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ajr1g15@soton.ac.uk

Dr Anthony Ossa-Richardson 

Lecturer in English Literature, 1350 - 1600

Dr Anthony Ossa-Richardson's photo

Anthony is a lecturer in English.

I received my doctorate from the obscure but beguiling Warburg Institute, London, in 2011, with a thesis about the study of the ancient Greek oracles in the Renaissance and Enlightenment (c. 1500–1800); this became my first book, The Devil's Tabernacle (Princeton, 2013). After a year at Cambridge lecturing and editing the manuscript notebooks of Sir Thomas Browne (1605–82), I accepted a Leverhulme Early Career Fellowship at Queen Mary, University of London. I became a lecturer at Southampton in 2015. I am also a member of the Centre for Medieval and Renaissance Culture (CMRC).

I am interested broadly in the literature and culture of England and continental Europe since the Renaissance, with a special focus on problems of interpretation in poetry, rhetoric, philosophy, medicine, theology and historiography.  Much of my work explores the history and complexities of the category of the 'literary' itself as it intersects with other areas; for instance, in the last few years I've written articles on the Longinian sublime in early modern biblical criticism, the fashioning of dramatic character in Latin humanist accounts of a Tunisian monarch, and the aesthetics of Sir John Davies's philosophical poem Nosce Teipsum.

The culmination of these interests to date is a long monograph, A History of Ambiguity, due out in May 2019.  This book is an account of the ways in which Western (and some non-Western) readers from Aristotle to William Empson have posited, denied, conceptualised and argued over the existence of multiple meanings in a wide variety of texts - poetry, drama, Scripture, law, and other genres.  Among other contributions to the history of criticism, I reveal the tensions in the Renaissance theory of the pun; offer a new interpretation of the English controversy over 'equivocation' in 1606-10; read Alexander Pope (and his own contemporary readers) against early modern analyses of ambiguity in classical satire; provide the first detailed account of the invention and early elaboration (in Germany and England) of dramatic irony as a critical concept; and demonstrate the multiple genealogies of Empson's notion of ambiguity.  As the archaeology of an idea central to modern criticism, the book aims to combine literary, historical and philosophical modes of scholarship.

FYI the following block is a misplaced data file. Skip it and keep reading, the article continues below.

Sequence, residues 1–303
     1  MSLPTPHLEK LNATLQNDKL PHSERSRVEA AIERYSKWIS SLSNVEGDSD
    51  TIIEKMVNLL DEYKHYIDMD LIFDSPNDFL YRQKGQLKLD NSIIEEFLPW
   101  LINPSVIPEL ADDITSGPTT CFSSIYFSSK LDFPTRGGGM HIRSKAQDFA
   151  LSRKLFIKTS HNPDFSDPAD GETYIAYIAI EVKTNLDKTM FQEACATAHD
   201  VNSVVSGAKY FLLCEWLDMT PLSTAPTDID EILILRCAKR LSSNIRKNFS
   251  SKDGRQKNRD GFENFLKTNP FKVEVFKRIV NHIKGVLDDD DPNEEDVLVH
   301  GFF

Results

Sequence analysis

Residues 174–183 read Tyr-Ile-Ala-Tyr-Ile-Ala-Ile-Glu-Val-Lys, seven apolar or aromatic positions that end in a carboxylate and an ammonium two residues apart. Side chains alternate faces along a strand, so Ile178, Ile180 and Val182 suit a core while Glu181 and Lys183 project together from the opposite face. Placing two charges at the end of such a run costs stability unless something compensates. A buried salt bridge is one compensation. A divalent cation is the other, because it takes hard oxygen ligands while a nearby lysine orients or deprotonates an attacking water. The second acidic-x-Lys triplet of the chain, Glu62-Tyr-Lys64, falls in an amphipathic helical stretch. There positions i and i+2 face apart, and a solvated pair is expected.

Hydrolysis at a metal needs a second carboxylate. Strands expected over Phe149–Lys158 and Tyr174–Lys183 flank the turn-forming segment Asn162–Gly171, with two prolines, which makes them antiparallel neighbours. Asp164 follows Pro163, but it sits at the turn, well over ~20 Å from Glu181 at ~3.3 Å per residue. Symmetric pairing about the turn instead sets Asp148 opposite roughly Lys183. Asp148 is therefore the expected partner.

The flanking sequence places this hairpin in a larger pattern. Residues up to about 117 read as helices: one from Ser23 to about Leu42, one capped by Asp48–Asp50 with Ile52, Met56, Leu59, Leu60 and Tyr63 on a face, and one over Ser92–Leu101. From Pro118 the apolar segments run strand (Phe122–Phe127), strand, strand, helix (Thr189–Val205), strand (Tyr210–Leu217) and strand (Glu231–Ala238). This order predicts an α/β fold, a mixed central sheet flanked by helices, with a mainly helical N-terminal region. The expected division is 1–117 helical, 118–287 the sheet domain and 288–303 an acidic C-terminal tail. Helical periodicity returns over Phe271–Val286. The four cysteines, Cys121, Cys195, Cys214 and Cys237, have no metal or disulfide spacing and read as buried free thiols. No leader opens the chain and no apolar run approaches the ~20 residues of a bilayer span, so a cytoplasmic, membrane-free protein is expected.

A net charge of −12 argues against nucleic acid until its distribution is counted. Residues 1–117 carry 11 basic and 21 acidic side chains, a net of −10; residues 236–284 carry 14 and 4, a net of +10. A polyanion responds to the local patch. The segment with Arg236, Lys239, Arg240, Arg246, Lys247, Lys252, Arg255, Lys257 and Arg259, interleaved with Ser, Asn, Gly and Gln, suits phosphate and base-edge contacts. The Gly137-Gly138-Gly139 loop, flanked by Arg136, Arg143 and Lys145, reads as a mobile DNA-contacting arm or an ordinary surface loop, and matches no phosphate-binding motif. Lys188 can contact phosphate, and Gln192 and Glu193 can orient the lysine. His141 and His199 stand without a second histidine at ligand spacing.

Following a successful conference at Cambridge in 2017, I am currently editing a volume of essays on John Taylor the Water Poet (1578-1653), a prolific but understudied pamphleteer, travel-writer, nonsense poet, polemicist and literary celebrity; this project may also give rise to a monograph and/or critical edition at a later date.

 

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I currently teach on the following undergraduate modules:

Dr Anthony Ossa-Richardson
Faculty of Arts and Humanities University of Southampton Avenue Campus Highfield Southampton SO17 1BF United Kingdom

Room Number: 65/1007

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